‘Enola Holmes’ explores Victorian feminism

Netflix’s ‘Enola Holmes’ follows the younger sister of the infamous Sherlock Holmes as she makes her own way in the world and solves a mystery along the way. // Photo courtesy of Netflix

Our Take: 3.5/5 Stars

Enola Holmes’ sleuthing skills rival those of her brother’s in the new movie “Enola Holmes.” As the younger sister of the infamous Sherlock Holmes (Henry Cavill, “The Witcher”), Enola Holmes (Millie Bobby Brown, “Stranger Things’’) possesses the same inquisitive mind as her brother. However, the intelligence and insight that empower Sherlock are defiant traits in Enola.

Luckily, Enola intends to prove to the world that she does not have to conform to what society expects her to be in order to thrive.

The movie is centered around the disappearance of Enola’s mother Eudoria (Helena Bonham Carter, “Fight Club”), which sparks a chain of events that culminate in Enola using her powers of deduction for good. The adventure takes place across London during the suffrage movement, which is fitting given Enola’s own battle with her brothers for freedom.

The movie begins with Eudoria’s disappearance, which prompts the arrival of Enola’s brothers Mycroft (Sam Claflin, “The Hunger Games: Catching Fire”) and Sherlock. Mycroft’s blatant disapproval of Enola’s upbringing is evident when he attempts to send Enola to finishing school so she can learn to become a proper lady. The conflict between Mycroft and Enola is the true central conflict of the movie: the liberation of women in a patriarchal society.

Along this theme, Enola believes there is more to her mother’s disappearance than meets the eye, and intends to find out what is really going on using her skills of observation, recollection, and deduction, which rival those of Sherlock. She sneaks away from her brothers with the intention of making her own way in the world.

On her journey to London, Enola stumbles upon her first case: the runaway Viscount Tewkesbury (Louis Partridge, “Paddington 2”), who has an assassin hot on his trail. While she initially declines to help the Viscount to focus on her mother’s disappearance, she soon realizes the dangers he faces after being caught by the assassin herself.

Like Enola, the Viscount is running from the path his family wants him to follow. His own destiny lies in the battle between the traditionalists and progressives, which makes its way to the forefront of Enola’s hunt as the Reform Bill looms over England.

While one might expect that Sherlock will assist Enola on her quest, his role in the movie is that of a bystander. He never commits to helping her nor finding their mother, and instead watches along with the viewer as the story unfolds before him.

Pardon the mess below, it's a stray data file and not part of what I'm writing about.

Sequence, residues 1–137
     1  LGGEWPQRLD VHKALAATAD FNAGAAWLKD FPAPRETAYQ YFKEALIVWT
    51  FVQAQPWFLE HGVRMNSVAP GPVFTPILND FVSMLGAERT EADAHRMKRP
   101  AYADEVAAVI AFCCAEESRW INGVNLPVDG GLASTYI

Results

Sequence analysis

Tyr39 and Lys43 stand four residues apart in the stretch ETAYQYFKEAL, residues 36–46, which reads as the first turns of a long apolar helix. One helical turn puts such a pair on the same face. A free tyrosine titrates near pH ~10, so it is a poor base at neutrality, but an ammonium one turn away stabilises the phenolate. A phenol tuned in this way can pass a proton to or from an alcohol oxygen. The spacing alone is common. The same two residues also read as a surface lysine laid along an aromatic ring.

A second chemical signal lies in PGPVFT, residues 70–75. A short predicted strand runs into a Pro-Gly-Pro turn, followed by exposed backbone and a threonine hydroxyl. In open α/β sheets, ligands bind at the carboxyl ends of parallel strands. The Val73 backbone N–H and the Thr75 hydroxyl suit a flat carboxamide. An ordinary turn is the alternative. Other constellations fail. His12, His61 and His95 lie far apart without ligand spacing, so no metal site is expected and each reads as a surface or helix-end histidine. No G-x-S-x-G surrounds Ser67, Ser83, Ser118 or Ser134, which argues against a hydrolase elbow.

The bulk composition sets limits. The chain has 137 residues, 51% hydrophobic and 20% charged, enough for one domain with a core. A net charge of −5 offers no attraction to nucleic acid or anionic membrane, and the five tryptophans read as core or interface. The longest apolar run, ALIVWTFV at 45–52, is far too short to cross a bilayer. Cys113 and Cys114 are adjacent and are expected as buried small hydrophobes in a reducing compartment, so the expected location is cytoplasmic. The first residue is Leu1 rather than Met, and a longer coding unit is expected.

Sherlock’s ignorance of politics and social niceties is an interesting idea that is brought forth as he finds himself in the middle of the suffrage movement.

Edith (Susan Wokoma, “Crazyhead”), a suffragette who works with Eudoria, tells Sherlock, “Politics doesn’t interest you because you have no interest in changing a world that suits you so well.” This line is poignant and meaningful coming from a woman of color, and brings “Enola Holmes” into the 21st century.

The enduring family-friendly nature of the film alongside its more mature themes adds a light and humorous charm to the difficult task Enola must undertake. Enola maintains an inspiring confidence and maturity as she discovers the world, yet her playfulness conveys that she is still a kid at heart.

Despite its inspiring nature, Enola Holmes falls short of a true mystery movie. Enola’s search for both her mother and the mastermind intent on killing Viscount Tewkesbury leaves her juggling between two cases, with little time for either to develop fully.

Furthermore, Enola breaks the fourth wall often during the movie.

What starts out as an interesting aside to the viewers quickly becomes an unnecessary break during interesting and action-packed scenes.

The new perspective Enola brings to the table makes for an interesting movie, but it is nowhere near the intense mysteries of Sherlock Holmes. However, what the movie lacks in story development, it makes up for in a few key scenes that make the viewer root for Enola and what she stands for.